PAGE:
My Desk is a Mess by Karen Shughart

This is the stage when I’m writing a mystery that if you visited my office, you’d gasp in horror. I’m usually very organized, but at this stage, my desk is a mess.

On the right are the first two books in my Edmund DeCleryk Cozy series, Murder in the Museum and Murder in the Cemetery. I use them as a reference for book three, Murder at Freedom Hill, because there are recurring characters: a newborn baby in the last book can’t be in elementary school two years later.

A thesaurus, usually on a shelf, claims space on my left. I’m forever scrambling to find synonyms for words I tend to overuse. It’s a weighty tome but a necessary tool, although the good news is that I recently had an aha! moment when I realized that with a couple of keystrokes and the click of the mouse, hello Google, goodbye Roget’s.  How easy is that?

That thesaurus, by the way, was published in 1962. My Webster’s dictionary in 1982. If you think that dates me, it does, think about how many words there are now that none of us who were alive 50 years ago could have imagined: truthiness; snowflake (not the one that falls from the sky); bestie; twerk. Not that I’d ever include those words in my books, none of my main characters is young enough to use them. Wait a minute, did I say 50 years? Has it really taken me that long to follow my bliss?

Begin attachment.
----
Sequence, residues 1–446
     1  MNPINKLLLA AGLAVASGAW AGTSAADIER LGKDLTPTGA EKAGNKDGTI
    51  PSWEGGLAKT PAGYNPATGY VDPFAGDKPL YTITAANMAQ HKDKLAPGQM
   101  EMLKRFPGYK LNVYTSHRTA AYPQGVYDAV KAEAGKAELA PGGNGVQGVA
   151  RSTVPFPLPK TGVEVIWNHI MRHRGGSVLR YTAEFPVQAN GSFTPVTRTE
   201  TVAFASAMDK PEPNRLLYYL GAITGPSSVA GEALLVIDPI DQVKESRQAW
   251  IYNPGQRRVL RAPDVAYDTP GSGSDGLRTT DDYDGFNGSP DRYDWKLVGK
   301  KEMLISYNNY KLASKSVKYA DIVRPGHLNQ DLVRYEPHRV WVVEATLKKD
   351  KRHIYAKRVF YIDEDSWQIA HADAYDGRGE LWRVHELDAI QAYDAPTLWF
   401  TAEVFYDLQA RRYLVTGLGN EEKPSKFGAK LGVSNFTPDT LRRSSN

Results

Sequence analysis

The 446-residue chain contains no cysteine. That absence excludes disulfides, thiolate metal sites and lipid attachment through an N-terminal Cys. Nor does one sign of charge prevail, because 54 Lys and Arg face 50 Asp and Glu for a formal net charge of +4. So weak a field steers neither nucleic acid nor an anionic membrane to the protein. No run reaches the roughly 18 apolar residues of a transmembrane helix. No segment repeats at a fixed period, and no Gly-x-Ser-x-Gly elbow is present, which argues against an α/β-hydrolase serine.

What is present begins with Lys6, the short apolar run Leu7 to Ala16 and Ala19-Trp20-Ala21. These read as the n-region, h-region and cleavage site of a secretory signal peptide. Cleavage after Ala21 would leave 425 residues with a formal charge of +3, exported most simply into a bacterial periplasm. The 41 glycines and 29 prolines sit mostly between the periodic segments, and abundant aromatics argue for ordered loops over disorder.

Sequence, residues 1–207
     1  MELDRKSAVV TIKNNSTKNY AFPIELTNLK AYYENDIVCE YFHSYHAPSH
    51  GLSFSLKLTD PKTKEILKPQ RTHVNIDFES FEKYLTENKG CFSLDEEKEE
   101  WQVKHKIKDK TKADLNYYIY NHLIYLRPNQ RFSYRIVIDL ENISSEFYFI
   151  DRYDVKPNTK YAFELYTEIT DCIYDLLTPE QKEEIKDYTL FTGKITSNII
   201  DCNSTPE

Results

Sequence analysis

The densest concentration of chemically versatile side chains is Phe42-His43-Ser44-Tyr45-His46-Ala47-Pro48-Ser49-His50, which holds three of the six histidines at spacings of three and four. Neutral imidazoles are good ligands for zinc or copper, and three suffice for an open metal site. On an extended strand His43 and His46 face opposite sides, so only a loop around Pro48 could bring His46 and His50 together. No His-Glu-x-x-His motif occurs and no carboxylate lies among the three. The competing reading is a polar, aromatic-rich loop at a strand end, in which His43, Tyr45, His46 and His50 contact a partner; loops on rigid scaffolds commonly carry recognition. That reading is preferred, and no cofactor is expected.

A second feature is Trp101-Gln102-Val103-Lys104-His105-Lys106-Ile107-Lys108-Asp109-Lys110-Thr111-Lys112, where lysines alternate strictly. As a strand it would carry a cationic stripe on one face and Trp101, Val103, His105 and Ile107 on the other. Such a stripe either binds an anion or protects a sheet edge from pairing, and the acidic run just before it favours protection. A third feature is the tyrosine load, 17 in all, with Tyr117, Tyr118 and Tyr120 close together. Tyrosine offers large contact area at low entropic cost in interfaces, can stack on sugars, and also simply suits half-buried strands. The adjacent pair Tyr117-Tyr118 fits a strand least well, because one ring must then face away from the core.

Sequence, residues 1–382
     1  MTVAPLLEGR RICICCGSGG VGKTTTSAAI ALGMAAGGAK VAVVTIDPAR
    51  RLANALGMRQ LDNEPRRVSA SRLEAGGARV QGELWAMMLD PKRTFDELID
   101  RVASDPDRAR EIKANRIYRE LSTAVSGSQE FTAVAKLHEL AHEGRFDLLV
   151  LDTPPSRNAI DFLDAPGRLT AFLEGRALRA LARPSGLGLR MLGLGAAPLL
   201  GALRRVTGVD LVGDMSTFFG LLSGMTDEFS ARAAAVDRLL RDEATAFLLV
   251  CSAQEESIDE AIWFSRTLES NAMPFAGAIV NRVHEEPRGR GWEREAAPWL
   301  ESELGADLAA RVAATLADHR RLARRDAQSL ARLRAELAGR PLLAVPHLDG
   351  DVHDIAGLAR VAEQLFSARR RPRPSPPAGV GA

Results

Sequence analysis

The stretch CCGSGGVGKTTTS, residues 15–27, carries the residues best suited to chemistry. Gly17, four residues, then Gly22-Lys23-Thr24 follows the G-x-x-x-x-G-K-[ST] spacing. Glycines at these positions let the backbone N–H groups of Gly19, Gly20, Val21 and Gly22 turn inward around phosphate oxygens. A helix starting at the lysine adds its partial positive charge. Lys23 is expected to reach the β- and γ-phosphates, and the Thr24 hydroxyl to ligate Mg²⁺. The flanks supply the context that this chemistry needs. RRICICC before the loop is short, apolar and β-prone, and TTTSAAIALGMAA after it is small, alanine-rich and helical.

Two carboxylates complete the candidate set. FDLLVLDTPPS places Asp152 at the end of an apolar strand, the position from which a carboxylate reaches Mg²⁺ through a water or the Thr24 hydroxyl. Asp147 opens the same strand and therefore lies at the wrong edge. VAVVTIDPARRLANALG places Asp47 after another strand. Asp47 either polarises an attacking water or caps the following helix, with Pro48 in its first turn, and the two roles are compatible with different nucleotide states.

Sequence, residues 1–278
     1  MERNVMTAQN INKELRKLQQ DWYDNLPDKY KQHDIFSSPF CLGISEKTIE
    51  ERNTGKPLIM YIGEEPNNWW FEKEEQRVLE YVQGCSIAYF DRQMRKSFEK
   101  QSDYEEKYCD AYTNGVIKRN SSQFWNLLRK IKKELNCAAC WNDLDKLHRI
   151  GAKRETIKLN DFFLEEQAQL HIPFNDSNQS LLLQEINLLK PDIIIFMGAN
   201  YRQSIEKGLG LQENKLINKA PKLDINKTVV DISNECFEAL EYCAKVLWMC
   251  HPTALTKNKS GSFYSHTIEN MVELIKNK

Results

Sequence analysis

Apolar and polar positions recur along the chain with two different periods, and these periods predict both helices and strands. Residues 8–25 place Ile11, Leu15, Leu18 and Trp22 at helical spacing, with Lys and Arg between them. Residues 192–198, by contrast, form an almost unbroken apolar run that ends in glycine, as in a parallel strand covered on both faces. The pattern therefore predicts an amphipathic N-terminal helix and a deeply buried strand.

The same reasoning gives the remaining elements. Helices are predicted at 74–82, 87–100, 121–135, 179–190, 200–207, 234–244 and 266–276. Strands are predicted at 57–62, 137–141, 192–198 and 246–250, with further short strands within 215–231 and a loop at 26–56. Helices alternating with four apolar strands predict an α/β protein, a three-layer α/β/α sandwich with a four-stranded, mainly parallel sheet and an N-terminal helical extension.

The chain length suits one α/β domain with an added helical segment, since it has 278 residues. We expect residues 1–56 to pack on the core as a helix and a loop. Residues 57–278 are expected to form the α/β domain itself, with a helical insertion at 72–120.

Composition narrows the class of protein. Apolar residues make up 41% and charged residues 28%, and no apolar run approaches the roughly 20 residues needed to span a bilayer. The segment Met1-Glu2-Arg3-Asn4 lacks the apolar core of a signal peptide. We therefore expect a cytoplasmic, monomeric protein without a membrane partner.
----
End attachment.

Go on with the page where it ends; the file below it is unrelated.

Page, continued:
Photo by Pixabay on Pexels.com

But I digress.  Piles of paper surround me: bills I’ve received from vendors who still, after all these years, won’t send them electronically but that I, a modern woman, have  paid online; recipes I printed from The New York Times when I could have simply opened my phone or computer when preparing them; print-outs of outdated passwords; a receipt for our dog’s latest checkup; a flyer from the local carwash announcing its wash and wax specials.

I don’t like wasting paper. “Waste not, want not” –phrase origin 1576 or 1772 — depending on your source, is my motto. I write notes to myself on the blank sides to advance the story line, a timeline I never follow, names of new characters to remember, thoughts and ideas that come to me at 3 a.m., questions I have about historical details that are always part of the backstory and the reason for the murder.

There’s a system here, a method to my madness, and it works for me. Once I make sure my historical facts are mostly correct, change the timeline yet again, check for inconsistencies, discard ideas I had at 3 a.m. — what was I thinking — I cross the items off the list, rip the paper into shreds, and toss it into the recycling bin. Then the cycle begins again. Until I reach the point when the manuscript is sent off to my publisher, my desk will remain a mess.